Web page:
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Biden Visits Areas Damaged By Hurricane Ida In Louisiana


President Biden visited southeastern Louisiana today to see the devastation caused by Hurricane Ida. The powerful storm blasted ashore on Sunday with 150 mile-an-hour winds. It destroyed or damaged thousands of buildings before the storm weakened and moved up the U.S., where it did even more damage, killing more than 40 people in the northeast. In New Orleans and the surrounding area, hundreds of thousands of people are still without power and other services like water. And NPR's Brian Mann joins us now from New Orleans.

Brian, the president spent part of the day on the ground there. What did he say?

BRIAN MANN, BYLINE: Yeah. President Biden landed here in New Orleans, where he met families and hugged people who really bore the full weight of the storm. And President Biden talked about the fact this storm was incredibly powerful up the East Coast, where, as you mentioned, the death toll has continued to rise and also talking, Ari, about this storm in the context of climate change. He said things have changed so drastically in terms of the environment. You've already crossed a certain threshold, he said, and then talked about rebuilding infrastructure tougher to withstand this kind of storm.

SHAPIRO: In situations like this, we often see that people die after a storm passes through, and that happened in Louisiana. Some people lost their lives yesterday. Explain what the threat is now.

MANN: Yeah, that's right. With the electric grid still down in much of this part of the state, people are running generators, often without knowing how to use them properly. A woman and her two children died of carbon monoxide poisoning yesterday. Officials say the family put the generator right next to their house, which allowed the fumes to collect inside. Here's fire chief Dave Tibbetts with the Jefferson Parish East Bank Fire Department speaking at a briefing.


DAVE TIBBETTS: As a parish, we've responded to over 70 calls for service in dealing with carbon monoxide detectors or people feeling ill from carbon monoxide poisoning.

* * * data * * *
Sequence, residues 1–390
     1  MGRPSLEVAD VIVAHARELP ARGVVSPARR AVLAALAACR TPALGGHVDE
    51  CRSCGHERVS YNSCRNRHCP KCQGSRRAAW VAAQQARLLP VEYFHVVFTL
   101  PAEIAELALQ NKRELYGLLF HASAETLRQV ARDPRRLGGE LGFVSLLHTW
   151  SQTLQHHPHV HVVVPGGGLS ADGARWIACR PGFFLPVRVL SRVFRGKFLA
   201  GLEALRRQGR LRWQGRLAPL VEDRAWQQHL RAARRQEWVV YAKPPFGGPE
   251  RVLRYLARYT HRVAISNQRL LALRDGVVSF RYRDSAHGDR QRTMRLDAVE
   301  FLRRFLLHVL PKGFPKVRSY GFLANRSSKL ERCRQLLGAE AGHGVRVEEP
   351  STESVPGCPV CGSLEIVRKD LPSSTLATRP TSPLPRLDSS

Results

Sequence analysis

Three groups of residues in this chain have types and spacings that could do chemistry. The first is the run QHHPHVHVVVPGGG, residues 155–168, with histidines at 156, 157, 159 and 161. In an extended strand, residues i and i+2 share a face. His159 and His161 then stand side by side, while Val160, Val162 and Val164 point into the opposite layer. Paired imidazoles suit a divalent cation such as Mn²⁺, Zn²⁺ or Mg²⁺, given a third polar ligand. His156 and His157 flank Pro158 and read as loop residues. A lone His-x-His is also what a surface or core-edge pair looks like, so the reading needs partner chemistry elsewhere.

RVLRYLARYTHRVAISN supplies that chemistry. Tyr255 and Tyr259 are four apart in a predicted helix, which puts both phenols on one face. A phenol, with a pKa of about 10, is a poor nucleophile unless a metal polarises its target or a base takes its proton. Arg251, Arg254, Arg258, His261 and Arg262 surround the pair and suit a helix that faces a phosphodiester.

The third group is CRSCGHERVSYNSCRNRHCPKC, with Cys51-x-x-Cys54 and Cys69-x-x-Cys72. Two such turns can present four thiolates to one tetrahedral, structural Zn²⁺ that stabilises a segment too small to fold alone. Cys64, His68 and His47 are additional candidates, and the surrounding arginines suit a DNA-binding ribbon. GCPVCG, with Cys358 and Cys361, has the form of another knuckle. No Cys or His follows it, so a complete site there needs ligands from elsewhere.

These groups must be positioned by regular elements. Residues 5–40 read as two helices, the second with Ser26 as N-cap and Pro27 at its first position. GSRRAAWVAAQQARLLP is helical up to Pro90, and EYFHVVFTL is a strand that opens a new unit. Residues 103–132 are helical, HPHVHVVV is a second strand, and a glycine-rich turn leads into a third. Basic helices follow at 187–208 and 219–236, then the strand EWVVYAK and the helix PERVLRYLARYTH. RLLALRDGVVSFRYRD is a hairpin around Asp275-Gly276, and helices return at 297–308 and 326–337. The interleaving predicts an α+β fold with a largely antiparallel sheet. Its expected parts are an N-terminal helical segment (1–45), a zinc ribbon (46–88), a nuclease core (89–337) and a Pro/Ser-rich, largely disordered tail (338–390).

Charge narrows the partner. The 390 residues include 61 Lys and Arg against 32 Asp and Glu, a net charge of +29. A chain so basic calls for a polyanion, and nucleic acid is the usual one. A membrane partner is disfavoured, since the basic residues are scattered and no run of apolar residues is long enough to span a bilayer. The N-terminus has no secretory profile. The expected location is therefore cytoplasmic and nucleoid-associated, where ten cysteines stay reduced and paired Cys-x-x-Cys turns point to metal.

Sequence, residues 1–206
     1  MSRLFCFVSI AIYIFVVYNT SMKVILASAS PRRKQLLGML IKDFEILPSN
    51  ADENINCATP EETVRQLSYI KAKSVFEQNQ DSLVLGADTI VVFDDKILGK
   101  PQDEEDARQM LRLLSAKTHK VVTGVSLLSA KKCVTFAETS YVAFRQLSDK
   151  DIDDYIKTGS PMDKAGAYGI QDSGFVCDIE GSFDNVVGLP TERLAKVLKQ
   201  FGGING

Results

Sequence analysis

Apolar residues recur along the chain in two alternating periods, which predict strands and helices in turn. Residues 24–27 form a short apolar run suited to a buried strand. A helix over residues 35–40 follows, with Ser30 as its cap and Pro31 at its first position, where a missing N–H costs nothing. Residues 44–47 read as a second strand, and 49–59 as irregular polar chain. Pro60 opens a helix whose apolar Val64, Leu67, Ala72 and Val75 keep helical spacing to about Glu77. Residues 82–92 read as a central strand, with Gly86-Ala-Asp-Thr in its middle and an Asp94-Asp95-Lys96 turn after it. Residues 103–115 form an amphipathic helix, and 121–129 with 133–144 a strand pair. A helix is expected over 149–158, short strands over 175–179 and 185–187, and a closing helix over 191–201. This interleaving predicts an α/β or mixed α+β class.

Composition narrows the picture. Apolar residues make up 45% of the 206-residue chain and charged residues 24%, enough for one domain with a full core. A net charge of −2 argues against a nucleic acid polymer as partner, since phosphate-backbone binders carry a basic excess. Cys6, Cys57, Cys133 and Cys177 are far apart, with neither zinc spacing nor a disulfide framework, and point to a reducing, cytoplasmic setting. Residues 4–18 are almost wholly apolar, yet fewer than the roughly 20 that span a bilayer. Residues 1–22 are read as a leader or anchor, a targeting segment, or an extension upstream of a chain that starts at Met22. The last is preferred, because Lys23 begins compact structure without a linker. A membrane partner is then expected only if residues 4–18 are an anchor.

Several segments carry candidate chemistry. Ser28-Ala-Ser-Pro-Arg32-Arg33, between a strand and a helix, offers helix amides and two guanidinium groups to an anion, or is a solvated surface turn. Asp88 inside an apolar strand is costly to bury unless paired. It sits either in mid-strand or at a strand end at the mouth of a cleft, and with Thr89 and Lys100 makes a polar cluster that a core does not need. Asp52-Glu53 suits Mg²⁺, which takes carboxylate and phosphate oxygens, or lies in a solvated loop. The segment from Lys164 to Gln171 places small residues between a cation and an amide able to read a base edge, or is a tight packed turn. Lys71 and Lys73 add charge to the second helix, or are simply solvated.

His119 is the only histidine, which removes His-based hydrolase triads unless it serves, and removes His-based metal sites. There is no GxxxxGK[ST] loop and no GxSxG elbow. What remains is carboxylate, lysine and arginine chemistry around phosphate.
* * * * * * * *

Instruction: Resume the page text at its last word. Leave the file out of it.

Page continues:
MANN: And there have been numerous fires and fire-related injuries here in Louisiana also caused by these generators. And another problem here, Ari, is that some roads and bridges are still so badly damaged, fire crews just aren't able to respond when houses do catch flame.

SHAPIRO: How is the progress going in getting power back on for people?

MANN: Well, there is some progress. Lights are coming on steadily. Officials say they've actually been pleasantly surprised by how quickly the service has come on in some areas. Entergy, the main utility company, says there are nearly 26,000 crew members out in the field now. Power restored to about a quarter million people - that's their estimate. But, really, damage to the power grid was so catastrophic, there aren't even predictions yet for when power will come back on for some of these hardest-hit areas on the coast. In some areas, it could be weeks.

SHAPIRO: What are people you talk to telling you? How are they holding up?

MANN: Well, it's hot. It's very, very humid. So people are weary, and they're impatient. I met and spoke with Neil Hamilton from New Orleans, and he was at a gas station nearly two hours away in Biloxi, Miss., because gasoline supplies here in New Orleans have been cut off as well. He's been driving back and forth to fill jerry jugs with gas to keep his generator going, exhausted, and says he's convinced these big hurricanes like Ida are getting more dangerous and more frequent because of climate change.

NEIL HAMILTON: Definitely getting worse - I own a landscape company. I've been out in the sun for a while. And, I mean, you can tell. I mean, people can keep denying it, but Mother Nature's going to always win in the end. She's going to prove it to you.

MANN: One big piece of good news here, Ari, is that New Orleans' levee system did hold up. This was built after Katrina. And also just that there have been so few lost lives here - that's pretty miraculous.

SHAPIRO: NPR's Brian Mann in New Orleans.

Thank you.

MANN: Thank you. Transcript provided by NPR, Copyright NPR.

Brian Mann is NPR's first national addiction correspondent. He also covers breaking news in the U.S. and around the world.